North Macedonia’s goal for the year will simply be to ensure they do not end up being dragged into the bottom five. Given the gap between North Macedonia and Montenegro, the former really should not be involved in this race at all. But, there is still work to be done just to be absolutely sure.

From a seasonal coefficient perspective, North Macedonia should be aiming for at least 1.500 points, a total they reached last summer. In fact, in two of the last three campaigns, they managed to match that total, or better it. This is a feasible task for North Macedonia, and if they achieve it, they will be in a much better place.

What a Good Year Would Look Like for North Macedonian Football

From a performance point of view, if a North Macedonian club can make UECL Q3, then it is already a good year. That gives Struga and Shkëndija a legitimate shot, with the latter being seeded for the first two rounds of UECL qualifying. Anything Tikves collects for the country coefficient – if they collect anything – has to be seen as a bonus. But, between Struga and Shkëndija, making UECL Q3 has to be considered a success.

For North Macedonia to succeed with their coefficient haul, they should be happy with the 1.500 points mentioned. That is a good year for them, although anything over 2.000 points would make it an excellent campaign. Anything less than 1.500 is in essence a failure, so it is all or nothing for North Macedonia.

What to Expect from North Macedonia 2024/25

North Macedonia had a good summer in 2023. We can reasonably expect the same to continue this time around. As previously mentioned, Struga and Shkëndija will have the responsibility of carrying the North Macedonian coefficient.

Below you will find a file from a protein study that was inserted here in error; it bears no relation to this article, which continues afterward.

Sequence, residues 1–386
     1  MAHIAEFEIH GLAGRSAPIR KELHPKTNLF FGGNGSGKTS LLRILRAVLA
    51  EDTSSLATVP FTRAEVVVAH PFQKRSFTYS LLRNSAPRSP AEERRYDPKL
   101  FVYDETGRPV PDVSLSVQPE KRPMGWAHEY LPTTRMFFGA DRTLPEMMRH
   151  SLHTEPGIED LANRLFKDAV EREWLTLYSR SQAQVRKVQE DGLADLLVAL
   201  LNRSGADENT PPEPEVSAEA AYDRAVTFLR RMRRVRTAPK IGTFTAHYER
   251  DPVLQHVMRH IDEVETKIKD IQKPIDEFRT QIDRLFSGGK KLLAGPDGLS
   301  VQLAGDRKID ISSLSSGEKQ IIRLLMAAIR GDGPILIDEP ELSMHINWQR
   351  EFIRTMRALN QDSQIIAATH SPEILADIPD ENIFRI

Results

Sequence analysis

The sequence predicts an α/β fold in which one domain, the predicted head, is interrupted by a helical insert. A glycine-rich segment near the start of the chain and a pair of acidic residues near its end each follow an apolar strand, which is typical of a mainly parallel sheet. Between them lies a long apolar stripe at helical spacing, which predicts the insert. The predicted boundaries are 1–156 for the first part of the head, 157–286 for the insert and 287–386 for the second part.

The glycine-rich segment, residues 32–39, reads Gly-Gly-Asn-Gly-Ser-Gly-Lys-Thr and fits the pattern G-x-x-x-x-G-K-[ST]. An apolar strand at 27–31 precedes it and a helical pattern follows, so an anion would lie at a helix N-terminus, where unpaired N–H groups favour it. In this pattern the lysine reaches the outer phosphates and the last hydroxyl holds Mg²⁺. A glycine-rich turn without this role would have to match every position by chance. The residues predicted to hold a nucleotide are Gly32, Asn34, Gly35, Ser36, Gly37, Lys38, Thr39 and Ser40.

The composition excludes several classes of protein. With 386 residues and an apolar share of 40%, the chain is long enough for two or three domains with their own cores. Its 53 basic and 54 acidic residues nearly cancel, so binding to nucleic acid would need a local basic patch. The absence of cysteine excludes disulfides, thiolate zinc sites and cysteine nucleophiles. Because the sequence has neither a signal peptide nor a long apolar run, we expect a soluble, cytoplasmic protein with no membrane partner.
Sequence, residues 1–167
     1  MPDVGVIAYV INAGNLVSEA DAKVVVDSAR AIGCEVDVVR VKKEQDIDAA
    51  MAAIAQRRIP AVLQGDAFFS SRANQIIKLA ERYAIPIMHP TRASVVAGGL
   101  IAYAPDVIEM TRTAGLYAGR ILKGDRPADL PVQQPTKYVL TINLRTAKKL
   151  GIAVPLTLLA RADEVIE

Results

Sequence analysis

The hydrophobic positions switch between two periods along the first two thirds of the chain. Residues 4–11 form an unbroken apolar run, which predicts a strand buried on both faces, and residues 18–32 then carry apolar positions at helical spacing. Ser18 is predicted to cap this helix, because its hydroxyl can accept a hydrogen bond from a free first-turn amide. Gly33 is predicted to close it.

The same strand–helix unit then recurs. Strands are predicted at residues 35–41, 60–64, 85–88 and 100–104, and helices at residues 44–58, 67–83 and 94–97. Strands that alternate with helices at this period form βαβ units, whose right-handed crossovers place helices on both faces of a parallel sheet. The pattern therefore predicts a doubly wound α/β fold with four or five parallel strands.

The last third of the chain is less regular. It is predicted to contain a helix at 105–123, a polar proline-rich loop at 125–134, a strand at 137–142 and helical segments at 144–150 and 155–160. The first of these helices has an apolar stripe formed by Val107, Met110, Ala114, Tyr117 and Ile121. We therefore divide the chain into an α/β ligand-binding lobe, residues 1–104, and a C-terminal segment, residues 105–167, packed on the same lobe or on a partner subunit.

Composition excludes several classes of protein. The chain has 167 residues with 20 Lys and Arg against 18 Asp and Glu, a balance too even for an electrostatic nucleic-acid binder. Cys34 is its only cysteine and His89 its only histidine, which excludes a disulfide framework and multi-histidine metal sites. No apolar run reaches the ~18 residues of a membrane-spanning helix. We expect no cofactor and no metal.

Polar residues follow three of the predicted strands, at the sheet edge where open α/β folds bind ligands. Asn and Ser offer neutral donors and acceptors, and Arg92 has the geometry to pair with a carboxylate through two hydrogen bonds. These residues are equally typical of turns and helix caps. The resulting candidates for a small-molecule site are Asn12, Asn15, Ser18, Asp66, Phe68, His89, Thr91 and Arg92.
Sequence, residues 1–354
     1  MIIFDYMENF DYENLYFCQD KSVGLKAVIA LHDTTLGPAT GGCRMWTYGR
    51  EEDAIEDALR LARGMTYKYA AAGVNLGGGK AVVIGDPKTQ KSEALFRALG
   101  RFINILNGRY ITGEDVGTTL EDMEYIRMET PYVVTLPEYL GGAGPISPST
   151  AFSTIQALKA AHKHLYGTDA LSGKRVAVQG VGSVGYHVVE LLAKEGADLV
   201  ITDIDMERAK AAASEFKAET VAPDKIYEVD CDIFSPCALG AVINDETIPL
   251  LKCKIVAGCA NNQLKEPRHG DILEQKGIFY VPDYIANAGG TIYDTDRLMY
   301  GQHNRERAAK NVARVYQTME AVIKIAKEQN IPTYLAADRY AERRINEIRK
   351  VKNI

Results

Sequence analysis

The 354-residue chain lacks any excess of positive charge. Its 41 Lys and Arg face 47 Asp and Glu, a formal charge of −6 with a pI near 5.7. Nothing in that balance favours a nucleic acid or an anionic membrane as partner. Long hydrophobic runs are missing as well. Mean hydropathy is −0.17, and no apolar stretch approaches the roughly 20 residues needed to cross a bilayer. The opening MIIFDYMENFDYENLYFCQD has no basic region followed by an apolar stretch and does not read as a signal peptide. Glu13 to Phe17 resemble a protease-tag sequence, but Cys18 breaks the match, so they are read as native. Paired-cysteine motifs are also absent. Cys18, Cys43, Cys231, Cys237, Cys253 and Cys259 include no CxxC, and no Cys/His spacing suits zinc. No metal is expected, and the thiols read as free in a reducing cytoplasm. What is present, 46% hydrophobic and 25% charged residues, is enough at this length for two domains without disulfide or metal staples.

Balkan football expert Richard Wilson also weighed in on what we can expect from North Macedonia, and he feels there is reason to the country not to worry. “The advantages they have is that Shkendija and Struga class as two of the less welcome early draws in terms of atmosphere,” explains Wilson. “Even if Tikves do fail to trouble the coefficient, the 1.500 points from 23/24 should be achievable.”

However, Wilson expects even more from Struga and Shkëndija. “Success for the nation this time around is seeing Struga and Shkendija reaching the third rounds of qualifying – anything beyond that and anything added by Tikves is a bonus,” he says. “Meeting that will keep them solidly clear of the bottom five.”

While the title race was very exciting, the Balkan football expert does not see it equivocate to continental success.

“What it hasn’t done is translated into sides improving their competitiveness on a wider scale. Arguably, the rise of sides like Struga and Shkupi over the past few seasons is indication that that system has worked to promote new power bases within the league beyond Vardar, who last reached Europe in 2018/19.” Richard wilson

Without European regular Shkupi, things become a lot more challenging for the country. For reference, Shkupi has been ever-present in Europe in recent years. It is therefore no surprise that they have contributed 1.375 to North Macedonia’s five-year coefficient, which is 23% of the points. Losing them is not easy, and could be a difference-maker here.

Overall, expect a comfortable year for North Macedonia. About 1.500 should be expected from them again this season, where they will finish inside the top 50. Climbing up the ranking would be an added bonus, albeit a welcomed one for years to come.